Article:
We’re All Human

Sometimes as teachers we’re looked upon as an all seeing all knowing oracle, especially in the primary grades, that simply is above any type of mundane mistake. It’s easy to get caught up in this hype when we are referred to as ‘Mr.’ ‘Ms.’ ‘Professor’ or ‘Doctor’ but the reality is we are human and like all mammals we make mistakes.

I hearken back to my first year of teaching in the ancient 1980s. I was fortunate enough to land a K-12 special education position in a small Montana town of less than 500 souls. The school was one building for all twelve grades housing approximately 100 students.

Now being a first year teacher far from home (Montana not being my native land) I was a bit apprehensive, or in other terms scared to death, about my abilities as an educator. My self-contained classroom consisted of eight exceptional students, most learning disabled with one intellectually challenged William’s Syndrome 2nd grader. There were two 2nd graders, four middle school students and two high school students.

Now as any good educator will do I wrote (back in the middle-age use of chalkboards) any important information I wanted my students to remember on the board so it could be referred to as needed.

As a brief side note English was never my strong suit. Math came easy to me and I could pass exams without even opening the book. I was intrigued by science and history. P.E. always seemed like structured recess and art, well art was just soothing, but English, well my spelling and grammar never won any special awards for superiority.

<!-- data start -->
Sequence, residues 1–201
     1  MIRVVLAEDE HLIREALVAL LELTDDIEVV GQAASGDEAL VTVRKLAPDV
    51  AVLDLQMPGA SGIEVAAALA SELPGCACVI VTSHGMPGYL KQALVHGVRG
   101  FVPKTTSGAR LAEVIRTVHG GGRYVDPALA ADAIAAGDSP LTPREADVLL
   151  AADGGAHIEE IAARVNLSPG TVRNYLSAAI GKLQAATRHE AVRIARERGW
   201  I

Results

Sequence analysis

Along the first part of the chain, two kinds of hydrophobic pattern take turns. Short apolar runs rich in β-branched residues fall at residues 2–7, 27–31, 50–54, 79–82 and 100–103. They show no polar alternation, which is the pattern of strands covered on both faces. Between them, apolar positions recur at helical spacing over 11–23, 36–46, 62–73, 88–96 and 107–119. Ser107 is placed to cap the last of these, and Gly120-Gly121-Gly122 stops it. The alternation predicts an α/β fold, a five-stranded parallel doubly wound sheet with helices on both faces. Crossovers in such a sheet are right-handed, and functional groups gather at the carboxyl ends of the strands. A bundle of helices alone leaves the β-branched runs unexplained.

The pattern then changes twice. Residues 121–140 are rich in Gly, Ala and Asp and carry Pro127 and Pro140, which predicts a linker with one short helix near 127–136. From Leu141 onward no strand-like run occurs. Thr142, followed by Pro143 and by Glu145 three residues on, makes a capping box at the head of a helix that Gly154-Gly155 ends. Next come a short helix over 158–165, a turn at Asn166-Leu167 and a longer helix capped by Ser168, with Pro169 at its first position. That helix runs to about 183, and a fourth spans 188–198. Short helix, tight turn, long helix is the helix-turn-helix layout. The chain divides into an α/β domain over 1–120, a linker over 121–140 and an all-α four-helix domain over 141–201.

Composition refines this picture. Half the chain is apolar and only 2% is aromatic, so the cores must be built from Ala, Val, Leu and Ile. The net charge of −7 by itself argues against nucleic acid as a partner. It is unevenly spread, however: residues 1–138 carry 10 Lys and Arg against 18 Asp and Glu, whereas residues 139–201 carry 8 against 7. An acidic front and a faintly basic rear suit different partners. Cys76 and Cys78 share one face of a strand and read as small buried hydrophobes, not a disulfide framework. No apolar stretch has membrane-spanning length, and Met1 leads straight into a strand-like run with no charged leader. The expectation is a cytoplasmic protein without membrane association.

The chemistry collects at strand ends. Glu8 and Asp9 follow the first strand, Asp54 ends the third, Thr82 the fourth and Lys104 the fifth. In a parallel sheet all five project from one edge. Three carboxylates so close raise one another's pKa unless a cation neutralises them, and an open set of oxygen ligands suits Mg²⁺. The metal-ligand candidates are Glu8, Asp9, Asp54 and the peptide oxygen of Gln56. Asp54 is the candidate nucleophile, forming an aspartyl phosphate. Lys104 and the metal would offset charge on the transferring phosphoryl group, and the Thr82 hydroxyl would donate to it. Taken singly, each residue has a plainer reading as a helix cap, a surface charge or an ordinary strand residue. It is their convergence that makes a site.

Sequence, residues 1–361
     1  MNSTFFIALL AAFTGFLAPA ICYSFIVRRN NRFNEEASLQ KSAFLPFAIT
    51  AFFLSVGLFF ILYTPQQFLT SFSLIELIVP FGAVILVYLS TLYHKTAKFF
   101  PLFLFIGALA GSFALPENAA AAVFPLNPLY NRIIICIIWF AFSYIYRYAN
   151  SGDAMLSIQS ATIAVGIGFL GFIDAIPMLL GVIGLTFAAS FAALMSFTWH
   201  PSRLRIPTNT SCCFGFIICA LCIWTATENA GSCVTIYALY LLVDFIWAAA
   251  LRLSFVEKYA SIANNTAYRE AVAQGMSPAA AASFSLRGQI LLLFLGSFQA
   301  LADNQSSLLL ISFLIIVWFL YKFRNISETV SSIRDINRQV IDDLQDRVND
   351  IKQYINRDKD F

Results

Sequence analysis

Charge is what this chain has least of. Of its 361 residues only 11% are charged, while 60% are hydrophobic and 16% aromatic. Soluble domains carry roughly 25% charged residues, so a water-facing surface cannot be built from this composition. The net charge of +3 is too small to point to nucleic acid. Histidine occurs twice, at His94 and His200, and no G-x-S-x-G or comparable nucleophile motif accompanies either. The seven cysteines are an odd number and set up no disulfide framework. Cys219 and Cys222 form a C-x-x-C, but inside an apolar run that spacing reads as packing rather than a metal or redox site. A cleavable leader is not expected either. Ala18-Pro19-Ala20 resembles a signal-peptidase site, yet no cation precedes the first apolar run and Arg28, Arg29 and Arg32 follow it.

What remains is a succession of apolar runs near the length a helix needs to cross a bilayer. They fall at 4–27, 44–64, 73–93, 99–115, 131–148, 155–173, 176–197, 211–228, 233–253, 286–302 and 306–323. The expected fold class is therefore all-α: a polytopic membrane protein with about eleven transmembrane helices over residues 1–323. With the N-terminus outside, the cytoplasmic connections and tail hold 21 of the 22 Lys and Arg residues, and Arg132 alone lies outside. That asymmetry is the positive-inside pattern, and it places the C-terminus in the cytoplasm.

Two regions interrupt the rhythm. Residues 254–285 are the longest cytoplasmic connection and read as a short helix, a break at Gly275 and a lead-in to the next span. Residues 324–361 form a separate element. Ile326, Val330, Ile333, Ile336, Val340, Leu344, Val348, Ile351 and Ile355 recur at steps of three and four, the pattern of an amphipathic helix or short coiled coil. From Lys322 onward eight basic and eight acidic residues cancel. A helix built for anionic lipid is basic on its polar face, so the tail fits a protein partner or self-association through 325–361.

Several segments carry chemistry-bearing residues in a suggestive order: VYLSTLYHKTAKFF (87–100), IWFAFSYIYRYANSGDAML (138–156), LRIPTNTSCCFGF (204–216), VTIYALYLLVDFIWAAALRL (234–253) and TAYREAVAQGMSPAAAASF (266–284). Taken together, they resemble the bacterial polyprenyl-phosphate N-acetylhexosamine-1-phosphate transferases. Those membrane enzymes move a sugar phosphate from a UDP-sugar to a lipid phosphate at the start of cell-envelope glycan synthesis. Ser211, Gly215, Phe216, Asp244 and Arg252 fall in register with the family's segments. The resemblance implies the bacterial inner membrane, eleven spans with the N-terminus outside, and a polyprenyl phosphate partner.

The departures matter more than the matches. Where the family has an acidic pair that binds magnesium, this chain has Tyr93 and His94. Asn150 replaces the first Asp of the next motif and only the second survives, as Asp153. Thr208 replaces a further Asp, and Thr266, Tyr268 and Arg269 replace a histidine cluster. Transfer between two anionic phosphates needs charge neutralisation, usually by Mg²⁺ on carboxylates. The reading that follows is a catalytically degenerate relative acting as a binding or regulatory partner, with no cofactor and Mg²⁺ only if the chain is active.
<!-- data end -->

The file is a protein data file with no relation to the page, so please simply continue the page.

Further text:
So, it’s early September and I’ve written some classroom expectations on the board for my students to review and ponder. These were more than just classroom rules; they were profound life statements on how to treat your fellow man. I was sure they would end up as a poster or on a scholarly scroll of knowledge. I was quite proud of these few basic words of social and emotional guidance.

One afternoon the superintendent strolled into my classroom, after school had let out, to see how I was fairing. He placed himself in a front row student desk and struck up a casual conversation about my first few weeks in the classroom, the school as a whole, the staff, the town and chances of the eight-man football team having a winning season. Right in the middle of our rather pleasant conversation he stopped, staring at the chalkboard rules and queried, “Who wrote those room rules on the board?” I proudly replied, “I did!” to which he responded, “You spelled ‘attitude’ wrong.” Looking at the board I saw a-d-d-i-t-u-d-e and thought, “I don’t see the problem” but figured he must be correct, so turning back to the superintendent I calmly said, “I purposely misspell random words on the board during certain lessons throughout the day. If a student recognizes any misspelled word and can spell it correctly they are given extra credit points on that day’s lesson.” This was, of course, total garbage I had made up rather quickly off the top of my head to save face. It was a lie, but an effective lie. The superintendent commended me on my teaching style. Crisis averted and my abysmal English skills remained hidden from the education world.

We’re all human. We all make mistakes, but hopefully we can learn from them and occasionally look back and laff!